BEC blames poor results on unqualified teachers


The Botswana Examinations Council (BEC) has partially blamed the continued students’ dismal final examinations performance on the teachers’ low qualification.

Botswana has continually recorded poor performances year in and out in the final national examinations. These include the Primary School Leaving Examinations (PSLE), Junior Certificate Examination (JCE) and Botswana General Certificate of Secondary Education (BGCSE).

The current education system has for some time been experiencing below par results, with teachers unions and government blaming one another for the failures. The situation has become a national crisis, with many people calling for a reform of the country’s education.

When appearing before the Parliamentary Committee on Statutory Bodies and State Enterprises Wednesday this week, BEC chief executive officer Moreetsi Thobega said they have found that teacher qualifications and training have a bearing on the students’ performance.

Thobega added there are many teachers in public schools who still possess Diploma and lower certificates. However, he noted that there are other factors such as issues of resources, learners’ background and parental support.

“Most of our teachers in primary schools have Diploma and lower. Yes, it affects performance. I’m saying this as we have researched on this. We have been participating in Inter Comparative Studies. This includes trends in Inter Mathematics and Science Studies and progress in literacy and reading studies,” Thobega said.

“We were analysing for impact of teacher qualification on performance. It came out that our teachers mainly at primary certificate are still at Diploma level. The analysis ended up pointing to teacher qualification and training as a factor in learner performance,” Thobega added.

He said compared to other countries where teachers with better qualifications such as Degree and Masters but teach same classes as in Botswana, their students perform better.

Thobega explained that the furthest to be done to improve the situation is to train teachers from a point of improving assessment in classrooms.

“In-service training department at the ministry which we work with should come up with training programmes for outcome-based assessment. We have extended this to our universities so that we enhance teachers. But as to whether qualifications levels will be raised, I think that goes to the larger government policy on in-service training of teachers which has been on-going, but not at the at which we loved to see,” he added.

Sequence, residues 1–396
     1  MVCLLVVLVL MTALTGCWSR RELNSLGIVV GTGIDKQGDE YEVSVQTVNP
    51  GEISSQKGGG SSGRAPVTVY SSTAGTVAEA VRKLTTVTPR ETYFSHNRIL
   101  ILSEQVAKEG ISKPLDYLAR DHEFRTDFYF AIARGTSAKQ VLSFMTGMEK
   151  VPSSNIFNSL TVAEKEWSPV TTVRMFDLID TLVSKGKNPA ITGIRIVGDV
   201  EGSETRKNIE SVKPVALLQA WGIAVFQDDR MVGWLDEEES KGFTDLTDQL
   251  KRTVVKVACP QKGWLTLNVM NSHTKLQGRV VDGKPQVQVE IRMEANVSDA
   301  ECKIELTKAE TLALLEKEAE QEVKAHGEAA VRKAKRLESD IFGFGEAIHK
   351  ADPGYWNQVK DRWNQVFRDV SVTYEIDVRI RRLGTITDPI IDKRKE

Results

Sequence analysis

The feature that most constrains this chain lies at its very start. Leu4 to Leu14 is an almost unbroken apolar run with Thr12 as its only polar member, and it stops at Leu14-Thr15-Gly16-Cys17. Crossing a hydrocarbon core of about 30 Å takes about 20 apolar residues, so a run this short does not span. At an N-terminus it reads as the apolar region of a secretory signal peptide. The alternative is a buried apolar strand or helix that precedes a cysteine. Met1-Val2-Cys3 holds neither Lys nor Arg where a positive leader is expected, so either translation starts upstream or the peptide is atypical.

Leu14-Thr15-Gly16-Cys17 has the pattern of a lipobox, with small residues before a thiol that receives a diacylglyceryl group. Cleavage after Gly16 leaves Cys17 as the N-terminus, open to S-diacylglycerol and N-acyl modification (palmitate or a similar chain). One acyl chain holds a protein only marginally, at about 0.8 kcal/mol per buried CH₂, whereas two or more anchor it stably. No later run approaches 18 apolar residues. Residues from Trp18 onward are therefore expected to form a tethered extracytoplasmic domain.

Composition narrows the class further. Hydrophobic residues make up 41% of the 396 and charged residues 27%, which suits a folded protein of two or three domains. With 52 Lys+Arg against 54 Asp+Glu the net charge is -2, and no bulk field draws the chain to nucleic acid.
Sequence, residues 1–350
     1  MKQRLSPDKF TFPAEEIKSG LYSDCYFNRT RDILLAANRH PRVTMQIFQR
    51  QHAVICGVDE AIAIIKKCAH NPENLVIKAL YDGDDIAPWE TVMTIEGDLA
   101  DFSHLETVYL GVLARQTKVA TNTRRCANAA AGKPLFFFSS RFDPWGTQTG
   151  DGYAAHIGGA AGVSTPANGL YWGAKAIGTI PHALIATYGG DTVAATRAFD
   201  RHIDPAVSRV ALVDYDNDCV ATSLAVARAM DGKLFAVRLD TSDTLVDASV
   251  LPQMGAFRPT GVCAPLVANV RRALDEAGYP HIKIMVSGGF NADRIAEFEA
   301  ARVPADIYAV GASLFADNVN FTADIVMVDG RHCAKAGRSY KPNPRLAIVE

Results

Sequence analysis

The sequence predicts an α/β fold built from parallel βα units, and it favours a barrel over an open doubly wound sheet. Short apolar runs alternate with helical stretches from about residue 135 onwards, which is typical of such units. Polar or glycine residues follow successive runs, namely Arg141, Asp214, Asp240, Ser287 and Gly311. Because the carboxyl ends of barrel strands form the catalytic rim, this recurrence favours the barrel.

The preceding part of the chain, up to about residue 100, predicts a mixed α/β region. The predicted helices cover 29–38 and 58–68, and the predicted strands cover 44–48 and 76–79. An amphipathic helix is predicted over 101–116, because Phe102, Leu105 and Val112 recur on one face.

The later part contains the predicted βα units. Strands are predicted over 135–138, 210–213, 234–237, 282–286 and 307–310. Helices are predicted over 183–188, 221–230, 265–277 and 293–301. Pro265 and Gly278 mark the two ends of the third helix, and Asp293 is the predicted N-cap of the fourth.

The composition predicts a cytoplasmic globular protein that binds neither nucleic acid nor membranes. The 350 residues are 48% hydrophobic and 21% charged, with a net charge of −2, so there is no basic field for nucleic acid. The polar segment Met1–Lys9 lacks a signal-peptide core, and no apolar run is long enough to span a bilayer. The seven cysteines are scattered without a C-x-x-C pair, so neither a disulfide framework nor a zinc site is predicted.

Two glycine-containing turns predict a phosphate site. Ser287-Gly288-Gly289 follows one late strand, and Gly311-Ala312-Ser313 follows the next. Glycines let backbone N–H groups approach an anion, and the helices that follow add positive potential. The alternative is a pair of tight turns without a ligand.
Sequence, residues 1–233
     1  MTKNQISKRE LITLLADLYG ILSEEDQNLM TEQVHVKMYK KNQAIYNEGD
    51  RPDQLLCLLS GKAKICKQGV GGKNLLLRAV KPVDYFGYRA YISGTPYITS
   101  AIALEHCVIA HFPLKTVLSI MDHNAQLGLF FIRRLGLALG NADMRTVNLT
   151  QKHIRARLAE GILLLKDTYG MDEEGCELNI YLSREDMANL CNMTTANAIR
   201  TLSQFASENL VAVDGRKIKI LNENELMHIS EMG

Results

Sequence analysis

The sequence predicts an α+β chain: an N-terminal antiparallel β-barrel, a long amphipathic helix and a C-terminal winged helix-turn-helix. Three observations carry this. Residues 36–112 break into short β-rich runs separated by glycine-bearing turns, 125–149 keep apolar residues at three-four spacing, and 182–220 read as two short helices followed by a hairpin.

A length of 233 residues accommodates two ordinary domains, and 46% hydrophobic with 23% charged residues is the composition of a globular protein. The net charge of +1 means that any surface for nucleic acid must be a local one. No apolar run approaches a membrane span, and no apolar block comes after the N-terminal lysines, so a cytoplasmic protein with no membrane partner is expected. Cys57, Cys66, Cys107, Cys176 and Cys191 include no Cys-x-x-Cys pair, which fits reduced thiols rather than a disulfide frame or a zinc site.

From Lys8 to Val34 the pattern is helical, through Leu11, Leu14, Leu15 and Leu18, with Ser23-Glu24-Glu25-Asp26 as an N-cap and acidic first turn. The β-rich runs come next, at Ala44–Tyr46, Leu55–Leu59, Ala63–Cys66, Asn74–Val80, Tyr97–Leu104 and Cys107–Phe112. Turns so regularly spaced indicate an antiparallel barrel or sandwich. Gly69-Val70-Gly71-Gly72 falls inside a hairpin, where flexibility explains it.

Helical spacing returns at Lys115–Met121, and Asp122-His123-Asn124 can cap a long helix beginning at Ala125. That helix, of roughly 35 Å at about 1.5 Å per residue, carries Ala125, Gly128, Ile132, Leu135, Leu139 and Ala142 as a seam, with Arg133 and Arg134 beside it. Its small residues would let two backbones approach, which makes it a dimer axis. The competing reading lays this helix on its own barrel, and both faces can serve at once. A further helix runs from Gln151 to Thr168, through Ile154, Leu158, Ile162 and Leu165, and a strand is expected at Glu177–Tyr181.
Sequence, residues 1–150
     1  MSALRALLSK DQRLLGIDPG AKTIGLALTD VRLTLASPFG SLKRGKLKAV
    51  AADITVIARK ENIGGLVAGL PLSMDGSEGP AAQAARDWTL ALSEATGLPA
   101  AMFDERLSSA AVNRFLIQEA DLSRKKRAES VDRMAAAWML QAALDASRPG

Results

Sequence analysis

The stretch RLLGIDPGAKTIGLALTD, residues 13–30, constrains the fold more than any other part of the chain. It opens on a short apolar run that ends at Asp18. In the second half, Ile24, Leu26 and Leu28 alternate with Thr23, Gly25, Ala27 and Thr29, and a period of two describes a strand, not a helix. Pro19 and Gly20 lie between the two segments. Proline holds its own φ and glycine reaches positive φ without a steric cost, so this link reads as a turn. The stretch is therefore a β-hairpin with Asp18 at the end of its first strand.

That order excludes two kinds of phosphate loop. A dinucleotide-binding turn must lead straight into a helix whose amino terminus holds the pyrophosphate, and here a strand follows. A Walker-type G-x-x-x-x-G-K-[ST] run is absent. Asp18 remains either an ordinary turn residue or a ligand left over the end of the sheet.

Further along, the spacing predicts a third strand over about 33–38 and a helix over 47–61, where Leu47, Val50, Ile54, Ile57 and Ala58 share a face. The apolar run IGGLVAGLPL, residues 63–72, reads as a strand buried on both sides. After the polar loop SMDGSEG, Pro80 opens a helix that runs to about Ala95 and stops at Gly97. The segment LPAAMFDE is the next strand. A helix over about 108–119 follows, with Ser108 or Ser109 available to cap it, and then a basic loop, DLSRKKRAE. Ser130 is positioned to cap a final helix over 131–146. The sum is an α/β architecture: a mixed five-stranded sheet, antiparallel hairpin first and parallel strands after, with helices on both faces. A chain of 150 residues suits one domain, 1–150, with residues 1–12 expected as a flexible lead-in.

Thobega also said he is not aware that the ministry does not recognise the Bachelor of Primary education course offered at the University of Botswana (UB).

He said as far as he was aware, students doing early childhood courses at Ba Isago are absorbed by government.

He added BEC is working with curriculum and evaluation department with intention to designing an assessment programme and class measurement input. According to him, performance can only improve if the country adopts an outcome-based teaching. This starts by up-skilling teachers.

On other matters, Thobega denied that there is friction between BEC and teachers’ unions. He said teachers’ unions make up the alleged friction in the way they communicate with their members. He said although it is expected that there could be tensions especially when one is dealing with employees in unionised environment, they have amicably resolved their issues with teachers’ unions.

Thobega’s comments followed questions from members of the committee. Nevah Tshabang and Aubrey Lesaso who are Members of Parliament for Shoshong and Nkange respectively had wanted Thobega to explain the relationship between teachers’ qualifications and the students’ performance in the final examinations.

They also sought an explanation on the alleged impasse between BEC and the teachers’ unions and how the examination body intends to resolve the matter.

He said while teachers’ unions want to be recognised by BEC to bargain for teachers marking and invigilation remunerations, it’s legally not practical. He explained that at the moment they can only work consult through a Memorandum of Understanding.

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